(This image is of a devise that makes "headstands" possible for people with neck problems)

Friday, February 5, 2010

My own practice for the day

I had a good, long, varied practice for today focusing on seated forward bends and twists -- many poses, not held particularly long except for 5 minute sirsasana (head stand) and 5 minute sarvangasana (shoulder stand).

Gomukhasana arms -- a couple repetitions
Sun salutations -- 4 or 5
   Eka pada sirsasana
   Parsvaikapada s.
   Parsva sirs.
   Parivrttaikapada sirs.
Virasana -- on heels and in between heels
Long Supta virasana
Brief Paryankasana
Upavistha konasana
Baddha konasana
Triangmukaikapada paschimottanasana
Janu sirsasana
Ardha baddha padma paschimottanasana
Bharadvajasana II
Marichyasana III -- a few repetitions, working toward clasping
Ardha matsyendrasana -- a couple repetitions, working toward clasping
  Ekapada sarv.
  Parsvaikapada sarv.
  Sarvang. II
  Drop back to setu bandha -- a couple times
Urdhva prasarita padasana -- a couple repetitions
Jathara parivartanasana -- a couple repetitions
A short Savasana

As an exercise to you Harmony Yoga students (and any others who are interested)  -- can you figure out what these poses are?   Use books such as "Light on Yoga", "Yoga, the Iyengar Way", or search the web.
Light on Yoga: The Bible of Modern Yoga...Yoga: The Iyengar Way

Yoga reduces inflammation, improves heart health -- two more reasons for a regular practice!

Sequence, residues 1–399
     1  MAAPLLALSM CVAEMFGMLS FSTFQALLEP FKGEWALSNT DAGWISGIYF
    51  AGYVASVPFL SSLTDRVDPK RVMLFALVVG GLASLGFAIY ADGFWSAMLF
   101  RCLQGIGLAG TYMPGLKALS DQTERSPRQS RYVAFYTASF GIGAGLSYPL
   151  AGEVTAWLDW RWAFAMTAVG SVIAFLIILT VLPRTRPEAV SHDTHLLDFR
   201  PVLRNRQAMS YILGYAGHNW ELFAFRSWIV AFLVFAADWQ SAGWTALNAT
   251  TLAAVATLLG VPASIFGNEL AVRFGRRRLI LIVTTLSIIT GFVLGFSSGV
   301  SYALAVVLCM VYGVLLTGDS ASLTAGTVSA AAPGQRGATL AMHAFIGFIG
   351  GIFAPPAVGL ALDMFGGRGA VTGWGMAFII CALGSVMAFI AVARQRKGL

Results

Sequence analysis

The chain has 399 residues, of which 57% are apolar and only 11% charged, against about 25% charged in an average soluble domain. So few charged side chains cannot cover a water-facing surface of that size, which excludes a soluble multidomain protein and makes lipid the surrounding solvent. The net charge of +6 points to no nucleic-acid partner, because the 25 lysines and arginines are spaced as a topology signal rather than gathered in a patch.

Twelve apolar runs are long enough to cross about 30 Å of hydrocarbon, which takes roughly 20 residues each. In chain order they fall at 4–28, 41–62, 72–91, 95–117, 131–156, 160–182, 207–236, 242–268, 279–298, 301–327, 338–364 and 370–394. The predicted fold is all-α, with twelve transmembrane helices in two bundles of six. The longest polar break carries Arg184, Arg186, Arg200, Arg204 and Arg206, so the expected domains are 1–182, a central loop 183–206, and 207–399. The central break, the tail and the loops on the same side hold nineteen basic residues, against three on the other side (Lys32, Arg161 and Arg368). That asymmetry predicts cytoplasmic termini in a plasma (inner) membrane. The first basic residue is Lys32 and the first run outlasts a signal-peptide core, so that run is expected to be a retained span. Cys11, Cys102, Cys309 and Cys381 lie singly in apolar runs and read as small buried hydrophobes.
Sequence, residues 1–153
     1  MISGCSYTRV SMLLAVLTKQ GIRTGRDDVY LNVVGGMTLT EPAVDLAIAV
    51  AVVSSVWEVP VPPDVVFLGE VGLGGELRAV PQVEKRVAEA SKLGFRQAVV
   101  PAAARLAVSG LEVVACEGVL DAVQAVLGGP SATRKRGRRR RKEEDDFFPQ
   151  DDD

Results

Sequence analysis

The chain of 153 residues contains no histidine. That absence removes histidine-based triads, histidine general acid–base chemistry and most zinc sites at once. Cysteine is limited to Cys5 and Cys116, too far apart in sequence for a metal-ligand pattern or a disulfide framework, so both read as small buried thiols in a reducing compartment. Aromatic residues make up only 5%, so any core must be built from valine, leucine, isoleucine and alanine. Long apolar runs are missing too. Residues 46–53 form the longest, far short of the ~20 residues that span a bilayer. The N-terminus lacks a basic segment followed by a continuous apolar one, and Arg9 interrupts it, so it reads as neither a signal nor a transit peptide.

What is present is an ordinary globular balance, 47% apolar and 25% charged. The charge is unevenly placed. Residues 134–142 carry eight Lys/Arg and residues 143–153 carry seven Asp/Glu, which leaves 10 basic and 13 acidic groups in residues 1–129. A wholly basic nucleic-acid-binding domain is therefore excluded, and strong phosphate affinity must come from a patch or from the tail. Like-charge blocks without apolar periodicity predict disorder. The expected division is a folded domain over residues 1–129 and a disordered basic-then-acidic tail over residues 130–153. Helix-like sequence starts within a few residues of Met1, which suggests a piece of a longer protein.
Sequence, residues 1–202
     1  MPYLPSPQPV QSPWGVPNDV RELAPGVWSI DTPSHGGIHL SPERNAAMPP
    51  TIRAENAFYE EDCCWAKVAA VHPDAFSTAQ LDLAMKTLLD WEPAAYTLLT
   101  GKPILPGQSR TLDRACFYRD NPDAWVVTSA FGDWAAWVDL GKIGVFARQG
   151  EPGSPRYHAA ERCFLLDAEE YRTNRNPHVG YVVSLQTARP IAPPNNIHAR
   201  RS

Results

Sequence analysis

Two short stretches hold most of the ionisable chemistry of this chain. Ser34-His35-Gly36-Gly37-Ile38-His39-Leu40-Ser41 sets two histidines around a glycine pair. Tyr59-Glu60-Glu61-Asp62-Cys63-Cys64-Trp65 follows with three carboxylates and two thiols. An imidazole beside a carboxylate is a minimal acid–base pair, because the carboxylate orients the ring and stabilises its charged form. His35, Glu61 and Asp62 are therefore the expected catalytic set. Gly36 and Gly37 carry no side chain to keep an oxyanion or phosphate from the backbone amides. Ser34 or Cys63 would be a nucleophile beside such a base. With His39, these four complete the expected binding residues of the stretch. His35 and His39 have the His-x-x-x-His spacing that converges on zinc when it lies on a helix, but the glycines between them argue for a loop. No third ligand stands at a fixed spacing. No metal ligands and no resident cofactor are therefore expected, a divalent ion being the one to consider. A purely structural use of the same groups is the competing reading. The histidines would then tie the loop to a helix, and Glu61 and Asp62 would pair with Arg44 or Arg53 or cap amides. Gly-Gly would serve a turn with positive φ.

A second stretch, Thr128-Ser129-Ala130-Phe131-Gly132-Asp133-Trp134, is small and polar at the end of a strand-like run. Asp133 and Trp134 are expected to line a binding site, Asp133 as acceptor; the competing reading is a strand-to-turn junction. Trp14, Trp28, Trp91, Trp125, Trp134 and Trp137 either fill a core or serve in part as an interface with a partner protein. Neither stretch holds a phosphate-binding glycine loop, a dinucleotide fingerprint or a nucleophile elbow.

Today (Friday, February 5) is the 22nd day of the 30 Day Yoga Challenge.  You're almost there!   Read below for more reasons to practice yoga regularly.

Thanks to L.A. for forwarding this article to me!

An article in, Yoga Reduces Inflammation and Improves Heart Health cites evidence of more reasons to practice yoga on a regular basis.

Besides the usual reasons people have for practicing yoga -- to develop greater flexibility, strength, balance,  and to reduce stress -- there are also physiological benefits to the regular practice of yoga.

From the article, "People who regularly practice yoga reduce compounds in the blood that contribute to inflammation. Yoga has also been shown to increase heart rate variability (HRV) which is a sign of good heart health."

Two studies were cited:
In the first study, blood samples were drawn from woman who were either "yoga novices" (less than 12 classes), or "yoga experts" (those who had practiced twice a week for 2 years).   The "yoga novices" had higher levels of cytokine IL-6 in their blood than the "yoga experts".   Cytokine IL-6 increases inflammation in the body, which contributes to heart disease and diabetes, as well as other age-related diseases.   Lower levels of this substance help to keep us healthier as we age, and the practice of yoga is one method of lowering these levels.  For more info read Yoga Reduces Cytokine Levels

The next study measured the heart rate variability (HRV) in men who were either "yoga novices" or "yoga experts".   The "yoga experts" had a higher HRV, which indicates greater heart health.   The heart rate of a healthy person is steady, but ready to respond to other stimuli that require a higher heart rate.   For more info on this study, read Yoga Boosts Heart Health

The author of this article concludes that practicing yoga just twice a week gives us many physical benefits.   NOTE that this is a regular yoga practice, not just the occasional class.  The benefits come from steady, sustained practice.